Road Transport in Africa: Challenges and Prospects

Global value chains and Tunisian exporters
4 July 2018

Road Transport in Africa: Challenges and Prospects

In West Africa, road transport accounts for most of the flows (about 80% of foreign trade in transit from ports and more than 90% of intra-regional trade) and plays an important role in political and economic integration countries of the Economic Community of West African States (ECOWAS). It helps to bring markets closer. However, free movement is not a tangible reality. It is strongly hampered by many obstacles. The low level of service in road corridors, physical barriers, illegal removals, systematic racketeering, delays in the transport of goods between the different member countries are the causes. Any obstacle to the fluidity of the traffic thus constitutes a handicap for the competitiveness of the products on the world market.

According to the African Center for Trade, Integration and Development (Enda CACID) Intra-Community exports and re-exports amounting to US $ 9185 million per annum represent 53% of intra-regional trade (US $ 17436 million per year) and 6% of the global trade of the region. A study by the World Bank showed that a 10% drop in transport costs would generate 25% increase in trade on the continent and in the sub-region.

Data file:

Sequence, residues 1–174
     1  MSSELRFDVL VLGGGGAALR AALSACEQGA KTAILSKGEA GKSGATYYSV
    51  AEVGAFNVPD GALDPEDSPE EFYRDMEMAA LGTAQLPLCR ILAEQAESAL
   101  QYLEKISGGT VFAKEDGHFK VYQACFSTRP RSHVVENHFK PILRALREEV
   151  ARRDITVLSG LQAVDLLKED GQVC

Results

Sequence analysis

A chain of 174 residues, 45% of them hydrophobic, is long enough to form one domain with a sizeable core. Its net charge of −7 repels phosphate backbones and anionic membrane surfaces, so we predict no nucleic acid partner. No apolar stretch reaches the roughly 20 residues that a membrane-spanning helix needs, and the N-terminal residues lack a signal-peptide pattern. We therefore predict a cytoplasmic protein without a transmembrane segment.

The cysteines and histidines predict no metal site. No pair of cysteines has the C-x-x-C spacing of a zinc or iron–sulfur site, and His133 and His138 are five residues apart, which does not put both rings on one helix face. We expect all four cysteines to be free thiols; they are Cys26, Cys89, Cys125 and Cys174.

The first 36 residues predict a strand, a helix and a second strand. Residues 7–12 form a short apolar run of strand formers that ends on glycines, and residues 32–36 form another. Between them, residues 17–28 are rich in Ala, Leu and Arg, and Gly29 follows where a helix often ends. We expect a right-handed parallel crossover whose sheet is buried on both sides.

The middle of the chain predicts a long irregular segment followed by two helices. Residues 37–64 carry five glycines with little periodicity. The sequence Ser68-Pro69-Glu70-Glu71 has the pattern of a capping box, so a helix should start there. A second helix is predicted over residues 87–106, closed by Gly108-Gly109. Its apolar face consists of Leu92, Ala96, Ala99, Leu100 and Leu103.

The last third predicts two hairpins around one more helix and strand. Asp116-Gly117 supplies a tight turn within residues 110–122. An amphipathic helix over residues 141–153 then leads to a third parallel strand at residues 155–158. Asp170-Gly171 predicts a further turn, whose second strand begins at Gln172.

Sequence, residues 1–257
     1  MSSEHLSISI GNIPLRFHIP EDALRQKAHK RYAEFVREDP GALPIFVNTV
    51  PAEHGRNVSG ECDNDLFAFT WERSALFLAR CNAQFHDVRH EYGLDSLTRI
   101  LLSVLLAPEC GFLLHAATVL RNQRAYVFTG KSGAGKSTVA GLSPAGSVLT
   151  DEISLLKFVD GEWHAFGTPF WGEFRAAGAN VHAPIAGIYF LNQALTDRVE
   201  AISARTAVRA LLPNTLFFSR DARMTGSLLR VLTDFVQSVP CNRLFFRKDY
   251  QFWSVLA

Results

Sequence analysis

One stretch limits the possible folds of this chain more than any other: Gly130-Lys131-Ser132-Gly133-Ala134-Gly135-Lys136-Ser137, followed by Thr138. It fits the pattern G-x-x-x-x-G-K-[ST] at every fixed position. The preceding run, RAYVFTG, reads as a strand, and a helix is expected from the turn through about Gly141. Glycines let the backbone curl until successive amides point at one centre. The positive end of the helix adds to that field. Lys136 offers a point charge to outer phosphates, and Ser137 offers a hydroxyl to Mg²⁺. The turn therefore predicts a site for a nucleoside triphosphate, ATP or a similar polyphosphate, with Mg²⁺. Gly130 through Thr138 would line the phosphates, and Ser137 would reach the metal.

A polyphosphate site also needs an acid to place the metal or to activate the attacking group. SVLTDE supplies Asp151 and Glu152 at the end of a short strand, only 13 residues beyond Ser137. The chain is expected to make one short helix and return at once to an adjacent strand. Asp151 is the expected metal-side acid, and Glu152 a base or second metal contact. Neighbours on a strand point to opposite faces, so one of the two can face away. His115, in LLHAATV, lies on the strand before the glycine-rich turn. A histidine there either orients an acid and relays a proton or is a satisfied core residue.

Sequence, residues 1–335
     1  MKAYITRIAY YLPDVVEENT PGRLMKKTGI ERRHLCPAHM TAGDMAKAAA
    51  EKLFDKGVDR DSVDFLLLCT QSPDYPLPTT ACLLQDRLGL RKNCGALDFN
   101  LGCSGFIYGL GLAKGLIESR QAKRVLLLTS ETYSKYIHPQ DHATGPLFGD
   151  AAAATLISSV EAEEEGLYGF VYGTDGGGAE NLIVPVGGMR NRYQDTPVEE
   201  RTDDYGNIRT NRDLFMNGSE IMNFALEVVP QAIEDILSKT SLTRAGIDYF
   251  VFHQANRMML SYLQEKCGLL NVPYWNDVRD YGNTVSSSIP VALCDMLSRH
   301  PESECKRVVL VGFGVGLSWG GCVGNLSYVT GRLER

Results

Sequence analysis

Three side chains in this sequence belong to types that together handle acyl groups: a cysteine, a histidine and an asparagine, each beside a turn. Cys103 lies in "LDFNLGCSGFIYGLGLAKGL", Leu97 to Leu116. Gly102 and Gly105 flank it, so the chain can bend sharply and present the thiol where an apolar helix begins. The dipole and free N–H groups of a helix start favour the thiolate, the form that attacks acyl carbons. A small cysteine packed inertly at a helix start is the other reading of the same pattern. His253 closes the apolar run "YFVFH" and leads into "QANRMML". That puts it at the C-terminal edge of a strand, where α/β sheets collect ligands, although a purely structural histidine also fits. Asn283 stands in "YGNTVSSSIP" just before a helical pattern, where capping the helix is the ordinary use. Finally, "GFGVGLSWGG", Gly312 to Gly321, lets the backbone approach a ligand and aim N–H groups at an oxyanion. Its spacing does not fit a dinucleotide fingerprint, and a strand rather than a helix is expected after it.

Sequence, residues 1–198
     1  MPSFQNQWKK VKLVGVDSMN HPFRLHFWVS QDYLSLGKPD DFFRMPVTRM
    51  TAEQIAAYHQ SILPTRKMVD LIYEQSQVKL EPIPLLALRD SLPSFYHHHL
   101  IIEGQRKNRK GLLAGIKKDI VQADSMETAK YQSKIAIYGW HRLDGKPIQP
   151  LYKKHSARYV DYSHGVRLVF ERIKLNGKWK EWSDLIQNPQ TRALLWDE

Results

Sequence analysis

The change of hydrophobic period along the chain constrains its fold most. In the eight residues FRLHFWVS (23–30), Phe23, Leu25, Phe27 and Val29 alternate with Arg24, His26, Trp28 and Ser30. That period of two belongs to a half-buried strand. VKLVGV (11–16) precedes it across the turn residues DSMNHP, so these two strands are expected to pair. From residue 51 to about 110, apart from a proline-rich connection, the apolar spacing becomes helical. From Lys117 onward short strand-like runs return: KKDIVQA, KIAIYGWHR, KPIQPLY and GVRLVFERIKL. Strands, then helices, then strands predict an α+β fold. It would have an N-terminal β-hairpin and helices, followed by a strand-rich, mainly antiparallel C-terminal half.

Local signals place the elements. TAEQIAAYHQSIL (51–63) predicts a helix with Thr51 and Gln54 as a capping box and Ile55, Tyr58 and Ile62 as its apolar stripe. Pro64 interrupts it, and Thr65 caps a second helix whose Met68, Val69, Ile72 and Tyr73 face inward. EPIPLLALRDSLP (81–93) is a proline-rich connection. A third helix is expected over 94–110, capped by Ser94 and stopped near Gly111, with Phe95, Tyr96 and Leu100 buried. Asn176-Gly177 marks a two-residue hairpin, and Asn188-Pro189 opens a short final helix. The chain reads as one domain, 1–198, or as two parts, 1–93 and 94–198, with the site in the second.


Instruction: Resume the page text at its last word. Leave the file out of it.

The multimodal

Much remains to be done for the ECOWAS member countries to develop their road network on the one hand and find solutions to the problems of transporting goods and people on the other hand. In 2013, the estimated density of the African road network was the lowest in the world at 7 km per 100 km2.

It is a sine-qua-non-choice for the success of their economic and political integration. The President of the ECOWAS Parliament, Moustapha Cissé Lô, during the meeting of the Joint Committee on Infrastructure and Industrial Development / Agriculture, Environment, Water Resources and Sustainable Development held in Cotonou last October declared that “the vision of the ECOWAS is to create a region without borders “.

To develop this network and facilitate the transport of goods and people, the continent’s strategy is multimodal. Congo has issued a call for tenders in 2015 to rehabilitate the Congo-Ocean line linking Brazzaville to Pointe-Noire, the rehabilitation of the Dakar-Bamako railway line should boost exchanges with Mali and a line was opened in 2015 linking Zambia, DRC and Angola. This work must make it possible to multiply by more than five the tonnage of goods transported. Gabon has also launched a gigantic program to modernize its road network and has gone from 817 km of paved roads in 2009 to 1451 km in early 2015.


Source: AFRICAN DEVELOPMENT BANK GROUP Department of Transport, Urban Development and ICT (various documents)

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